‘Silence’ review — A test of faith
To say Scorsese’s latest film ‘Silence’ is an uplifting film would be a blatant lie, this three-decade long passion project is littered with uncomfortable imagery and is the definition of a slow-burn. I can see why the film might not be everyone’s cup of tea, however, I found it’s depiction of religion and the struggles of keeping your faith enthralling, making for a fantastic picture.
Silence follows two jesuit priests as they travel to Japan, a country where christianity is forbidden and punishable by death, to recover their mentor (Liam Neeson), who is believed to have denounced god and taken on a new life under a new name. Father Rodrigues (Andrew Garfield) and Father Garupe (Adam Driver) refuse to believe this, leading to their decision to rescue Ferreira and continue to propagate the word of Christ to the Japanese people.
What follows is a tough and relentless journey that pushes the priests to their absolute limits. They are witness to countless acts of violence inflicted on those who would not denounce their faith, leading them to question everything they have been taught. As the viewer, we share feelings of horror and shock with Rodrigues and Garape as we see people burned alive, drowned, hung upside down in a pit to bleed out slowly, even tied to the cross they’ve become so dependant upon as the vicious waves of the ocean bear down on them for days.
The Japanese believers often mention ‘Paradise’, they turn to christianity as they believe it will grant them a life after death with no sufferring. Others such as the Inquisitor, a tough and calculated man who aims to rid Japan of christianity entirely, see the religion as a weed infecting their country. The quote “Japan is a swamp, nothing grows here” states this perfectly. In a conversation between Rodrigues and the Inquisitor he tells the priest a story about four concubines who fought amongst themselves, their master threw them all out leading to the return of peace to his home. This is likened to christianity; Spain, Portugal, Holland, and England all try to spread their beliefs across foreign soil but cause much disharmony. The inquisitor sees it as his responsibility to remove the roots (christianity) from the land.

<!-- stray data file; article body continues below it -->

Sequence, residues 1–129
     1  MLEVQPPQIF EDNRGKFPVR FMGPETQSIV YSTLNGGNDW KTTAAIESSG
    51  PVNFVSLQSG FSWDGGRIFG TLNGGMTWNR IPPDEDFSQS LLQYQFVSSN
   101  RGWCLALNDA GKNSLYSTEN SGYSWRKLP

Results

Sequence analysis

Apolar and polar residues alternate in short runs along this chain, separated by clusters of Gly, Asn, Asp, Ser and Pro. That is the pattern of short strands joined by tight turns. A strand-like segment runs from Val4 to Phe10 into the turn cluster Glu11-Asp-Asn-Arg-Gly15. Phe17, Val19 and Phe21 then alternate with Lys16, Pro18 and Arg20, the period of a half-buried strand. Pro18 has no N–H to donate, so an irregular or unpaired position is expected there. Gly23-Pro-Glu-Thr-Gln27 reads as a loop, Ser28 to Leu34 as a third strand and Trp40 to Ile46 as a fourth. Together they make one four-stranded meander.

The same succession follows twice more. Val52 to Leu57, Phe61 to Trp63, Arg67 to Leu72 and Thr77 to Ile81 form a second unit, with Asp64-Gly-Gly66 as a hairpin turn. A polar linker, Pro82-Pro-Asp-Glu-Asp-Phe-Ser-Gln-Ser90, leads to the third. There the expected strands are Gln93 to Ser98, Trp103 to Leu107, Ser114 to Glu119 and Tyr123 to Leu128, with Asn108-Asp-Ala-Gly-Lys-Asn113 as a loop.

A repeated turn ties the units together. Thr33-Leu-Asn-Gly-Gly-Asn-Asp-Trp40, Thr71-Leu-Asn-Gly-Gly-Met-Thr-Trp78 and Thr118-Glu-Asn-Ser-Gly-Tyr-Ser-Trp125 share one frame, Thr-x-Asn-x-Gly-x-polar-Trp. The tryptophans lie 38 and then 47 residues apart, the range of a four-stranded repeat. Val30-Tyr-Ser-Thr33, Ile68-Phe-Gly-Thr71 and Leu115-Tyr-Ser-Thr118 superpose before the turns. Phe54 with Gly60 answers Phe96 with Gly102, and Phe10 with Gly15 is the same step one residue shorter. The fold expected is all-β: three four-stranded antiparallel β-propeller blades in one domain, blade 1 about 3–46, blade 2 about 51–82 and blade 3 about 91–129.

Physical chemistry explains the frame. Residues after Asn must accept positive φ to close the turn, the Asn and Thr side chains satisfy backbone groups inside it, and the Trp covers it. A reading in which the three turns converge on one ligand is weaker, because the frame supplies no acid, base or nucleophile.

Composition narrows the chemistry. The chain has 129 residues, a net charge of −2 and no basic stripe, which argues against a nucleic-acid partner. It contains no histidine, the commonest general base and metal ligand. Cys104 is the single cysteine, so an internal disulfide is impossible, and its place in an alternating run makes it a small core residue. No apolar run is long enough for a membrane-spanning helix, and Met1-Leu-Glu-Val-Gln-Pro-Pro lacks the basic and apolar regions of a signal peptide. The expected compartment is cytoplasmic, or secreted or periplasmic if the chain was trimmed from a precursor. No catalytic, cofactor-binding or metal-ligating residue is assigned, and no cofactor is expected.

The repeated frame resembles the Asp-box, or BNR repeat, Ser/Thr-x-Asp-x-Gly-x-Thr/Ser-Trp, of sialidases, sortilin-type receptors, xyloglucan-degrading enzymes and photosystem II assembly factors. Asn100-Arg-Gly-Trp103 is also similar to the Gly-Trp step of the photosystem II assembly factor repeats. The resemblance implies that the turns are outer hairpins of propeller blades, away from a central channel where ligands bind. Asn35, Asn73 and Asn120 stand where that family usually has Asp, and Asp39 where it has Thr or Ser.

A great representation of the conflict between religions is the character Kichijiro, throughout the film we see him step on the face of christ (semi-literally), yet he continues to ask for forgiveness from Rodrigues and keeps his faith. Perhaps Kichijiro is truly a christian deep down (as suggested by a scene later on in the film) but his actions suggest that he is cowardly and only remains faithful in the hopes that his illusions of ‘paradise’ will beckon him forward when the time is right. He won’t die for his god but will happily lie to save his life for a little while longer.
Silence is an enthralling film, often times I would find myself resting on my elbow, leaning in as if I was listening to a friend tell me a story. It’s a credit to the screenplay for not trying to force the film’s religious undertones down your throat. Every conversation is filled with interesting points and counterpoints, and you’re always actually invested in what these people have to say. There is no real villain here, even the murderers have a compelling point, regardless of how monstrous their actions may seem.
The cinematography is also stellar, finding plenty of clever and beautiful ways to showcase the Japanese vistas. It’s a shame that the Academy didn’t recognise Silence for other categories, but you can see why it got a shout out here.
Garfield is incredible as Rodrigues and gives what is perhaps the best performance of his career. In Hacksaw Ridge he was playing a man who fully took on his faith and was a shining light amongst the horrors of war, here, he has a much tougher job in showing a man starting to question his beliefs. It’s fitting that he manages to do so much without dialogue, as the use of silence (hah) is effective throughout this film in getting various points across. Driver and Neeson are also good although they’re not given as much to do here. It really is the Andrew Garfield show.
The only negatives that come to mind when thinking back on Silence are that it does drag a bit towards the end and there are a couple of moments where the religious aspect of the film is a bit in-your-face.
Overall, Silence is a magnificent notch in Scorsese’s belt and tells an emotional and engaging story which will be hard to forget for some time. It’s not for everyone, but I implore you to give this one a chance when it’s playing near you.